A Case For Slow Writing
Those of us with Italian backgrounds will know that you don’t make an authentic pasta sauce in an hour. It should be cooked slowly, the ingredients added one by one, at the right time.
First the meats must be browned, next the onions, the herbs, spices and tomatoes incorporated. Then the mixture must simmer for two, three, four hours until it is a thick, mouthwatering sugo, the succulent meat falling off the bones….
It’s good to cook slowly.
But this is a writing blog, right? Yes.
And it’s okay to write slowly too, blending words, sentences and paragraphs together, adding them to just the right part, in the proper sequence.
Time spent writing can often look like this:
You write a few lines, the thoughts are flowing. You’re in the zone. Then life rips you out after what seems like a mere five minutes. You go back to the computer, type another line or two, only to be summoned by the real world again.
If this describes you, don’t worry — the story still brews while you attend to reality, the words sub-consciously simmering as you do what you need to.
There are only two situations when you really must write fast:
1. When you have a contract or a time limit. Writers quickly learn to write with speed when they have a pressing deadline. Students know the perils of handing in late assignments.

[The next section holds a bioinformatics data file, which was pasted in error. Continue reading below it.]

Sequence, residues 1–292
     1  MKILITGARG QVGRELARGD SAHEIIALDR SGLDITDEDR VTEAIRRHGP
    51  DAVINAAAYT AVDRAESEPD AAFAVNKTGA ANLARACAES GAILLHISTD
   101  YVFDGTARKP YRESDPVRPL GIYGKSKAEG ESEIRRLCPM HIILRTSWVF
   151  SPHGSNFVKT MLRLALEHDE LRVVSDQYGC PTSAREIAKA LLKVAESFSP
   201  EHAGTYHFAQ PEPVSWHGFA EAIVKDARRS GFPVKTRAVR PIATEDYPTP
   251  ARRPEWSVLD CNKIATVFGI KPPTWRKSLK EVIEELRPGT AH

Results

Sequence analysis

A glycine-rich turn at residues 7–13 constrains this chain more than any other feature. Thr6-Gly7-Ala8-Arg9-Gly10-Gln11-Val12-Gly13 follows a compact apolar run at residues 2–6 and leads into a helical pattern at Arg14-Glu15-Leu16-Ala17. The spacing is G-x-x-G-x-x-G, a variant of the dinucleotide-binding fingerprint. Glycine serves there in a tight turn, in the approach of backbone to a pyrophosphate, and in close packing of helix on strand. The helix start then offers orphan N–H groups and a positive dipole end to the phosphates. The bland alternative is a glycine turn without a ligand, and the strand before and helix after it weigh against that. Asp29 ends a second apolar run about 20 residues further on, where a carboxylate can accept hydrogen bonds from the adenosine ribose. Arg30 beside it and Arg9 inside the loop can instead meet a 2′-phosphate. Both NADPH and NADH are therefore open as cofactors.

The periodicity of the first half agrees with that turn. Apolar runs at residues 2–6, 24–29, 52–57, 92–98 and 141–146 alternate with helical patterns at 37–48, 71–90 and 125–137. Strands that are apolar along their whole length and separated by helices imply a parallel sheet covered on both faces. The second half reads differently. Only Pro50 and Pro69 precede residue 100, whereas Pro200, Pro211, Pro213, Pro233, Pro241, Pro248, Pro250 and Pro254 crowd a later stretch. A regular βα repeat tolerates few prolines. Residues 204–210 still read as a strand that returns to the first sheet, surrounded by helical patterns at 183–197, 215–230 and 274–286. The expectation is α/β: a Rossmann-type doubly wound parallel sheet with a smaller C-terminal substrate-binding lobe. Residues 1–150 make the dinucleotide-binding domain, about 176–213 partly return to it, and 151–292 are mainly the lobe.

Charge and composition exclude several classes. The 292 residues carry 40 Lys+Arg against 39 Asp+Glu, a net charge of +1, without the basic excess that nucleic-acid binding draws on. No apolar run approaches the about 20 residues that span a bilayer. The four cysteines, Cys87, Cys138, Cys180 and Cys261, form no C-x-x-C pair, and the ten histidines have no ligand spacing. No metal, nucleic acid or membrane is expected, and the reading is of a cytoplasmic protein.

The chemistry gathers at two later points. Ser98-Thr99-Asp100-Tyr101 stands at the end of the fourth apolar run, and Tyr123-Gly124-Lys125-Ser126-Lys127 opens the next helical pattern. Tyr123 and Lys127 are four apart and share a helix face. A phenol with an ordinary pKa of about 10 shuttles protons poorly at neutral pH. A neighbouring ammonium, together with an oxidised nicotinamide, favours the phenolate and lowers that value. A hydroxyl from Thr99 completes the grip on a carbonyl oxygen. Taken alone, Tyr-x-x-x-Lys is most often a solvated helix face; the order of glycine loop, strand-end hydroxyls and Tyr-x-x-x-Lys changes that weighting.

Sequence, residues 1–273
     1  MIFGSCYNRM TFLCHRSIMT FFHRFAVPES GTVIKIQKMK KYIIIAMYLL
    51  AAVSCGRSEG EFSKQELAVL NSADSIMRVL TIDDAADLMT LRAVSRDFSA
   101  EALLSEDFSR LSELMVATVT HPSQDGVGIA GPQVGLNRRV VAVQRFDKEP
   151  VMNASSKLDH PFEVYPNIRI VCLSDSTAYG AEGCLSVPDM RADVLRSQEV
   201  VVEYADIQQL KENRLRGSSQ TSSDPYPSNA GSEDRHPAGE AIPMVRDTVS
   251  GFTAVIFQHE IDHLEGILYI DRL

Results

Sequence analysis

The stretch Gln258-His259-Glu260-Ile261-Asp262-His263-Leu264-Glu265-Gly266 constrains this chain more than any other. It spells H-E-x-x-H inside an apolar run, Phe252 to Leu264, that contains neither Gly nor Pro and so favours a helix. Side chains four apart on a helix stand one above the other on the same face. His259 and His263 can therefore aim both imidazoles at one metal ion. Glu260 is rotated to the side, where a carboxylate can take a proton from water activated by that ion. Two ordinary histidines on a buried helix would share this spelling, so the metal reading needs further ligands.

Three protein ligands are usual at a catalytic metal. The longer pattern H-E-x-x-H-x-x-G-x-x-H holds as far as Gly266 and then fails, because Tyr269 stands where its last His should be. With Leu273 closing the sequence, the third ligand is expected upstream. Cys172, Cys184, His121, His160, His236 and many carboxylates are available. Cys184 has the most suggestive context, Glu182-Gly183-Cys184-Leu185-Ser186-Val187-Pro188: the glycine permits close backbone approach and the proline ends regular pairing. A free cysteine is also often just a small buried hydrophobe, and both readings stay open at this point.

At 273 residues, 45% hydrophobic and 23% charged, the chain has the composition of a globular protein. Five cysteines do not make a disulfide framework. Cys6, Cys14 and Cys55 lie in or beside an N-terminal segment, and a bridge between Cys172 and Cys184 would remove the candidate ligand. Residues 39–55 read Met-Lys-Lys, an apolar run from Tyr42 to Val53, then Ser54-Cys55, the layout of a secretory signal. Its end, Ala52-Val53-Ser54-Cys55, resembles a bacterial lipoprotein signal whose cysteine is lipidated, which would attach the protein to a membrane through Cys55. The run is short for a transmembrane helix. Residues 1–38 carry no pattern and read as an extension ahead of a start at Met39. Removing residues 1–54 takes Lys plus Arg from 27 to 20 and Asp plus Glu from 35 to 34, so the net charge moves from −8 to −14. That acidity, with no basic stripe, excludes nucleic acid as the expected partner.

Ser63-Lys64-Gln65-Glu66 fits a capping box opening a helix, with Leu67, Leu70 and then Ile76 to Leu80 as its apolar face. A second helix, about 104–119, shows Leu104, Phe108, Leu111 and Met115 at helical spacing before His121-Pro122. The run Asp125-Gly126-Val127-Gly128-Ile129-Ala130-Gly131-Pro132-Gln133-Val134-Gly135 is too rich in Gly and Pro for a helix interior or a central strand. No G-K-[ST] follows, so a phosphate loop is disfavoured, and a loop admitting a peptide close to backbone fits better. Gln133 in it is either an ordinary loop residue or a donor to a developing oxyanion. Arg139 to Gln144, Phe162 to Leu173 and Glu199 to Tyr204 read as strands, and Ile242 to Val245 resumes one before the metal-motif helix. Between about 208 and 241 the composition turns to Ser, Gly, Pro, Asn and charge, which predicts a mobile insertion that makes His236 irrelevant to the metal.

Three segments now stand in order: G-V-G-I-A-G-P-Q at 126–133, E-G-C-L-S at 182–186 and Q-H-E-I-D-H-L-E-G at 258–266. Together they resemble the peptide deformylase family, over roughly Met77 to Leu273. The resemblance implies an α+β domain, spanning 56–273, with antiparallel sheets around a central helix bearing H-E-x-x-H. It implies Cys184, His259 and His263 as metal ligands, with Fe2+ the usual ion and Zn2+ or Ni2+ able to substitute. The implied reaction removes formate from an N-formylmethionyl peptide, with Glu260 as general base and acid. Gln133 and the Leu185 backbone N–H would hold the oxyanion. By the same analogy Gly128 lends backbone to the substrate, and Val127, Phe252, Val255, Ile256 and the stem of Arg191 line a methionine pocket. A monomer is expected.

2. When you write for a living. If writing is the only way you earn money, then your income is tied to your output.
The rest of us are free to savour our writing if that’s what we want to do. Incidentally, J.K. Rowling and Stephen King are two of many authors who wrote novels at a snail’s pace. And there are lots of valid reasons why writing might take a long time.
- have a life.
- are just starting.
- don’t need the money.
- are a meticulous researcher.
- like looking for exactly the right words.
- need time to gather your thoughts and assemble the most salient.
Or maybe you write simply because, fast or slow, it’s good for your soul. Amen.
Whether you take a day or three to write a brief article, a month or four to produce a short story, a year or more to draft a novel, I’m here to say, it’s okay to take your time. While ever you are making progress and you haven’t given up, if writing makes you happy, there’s no reason to feel guilty about doing it slowly.
Savour each word, each sentence, each paragraph.
About the Author: C. G. is a freelance writer. Her blog is named for the trees surrounding her home where she loves to play with words ─ the words sort themselves into stories at regular intervals.
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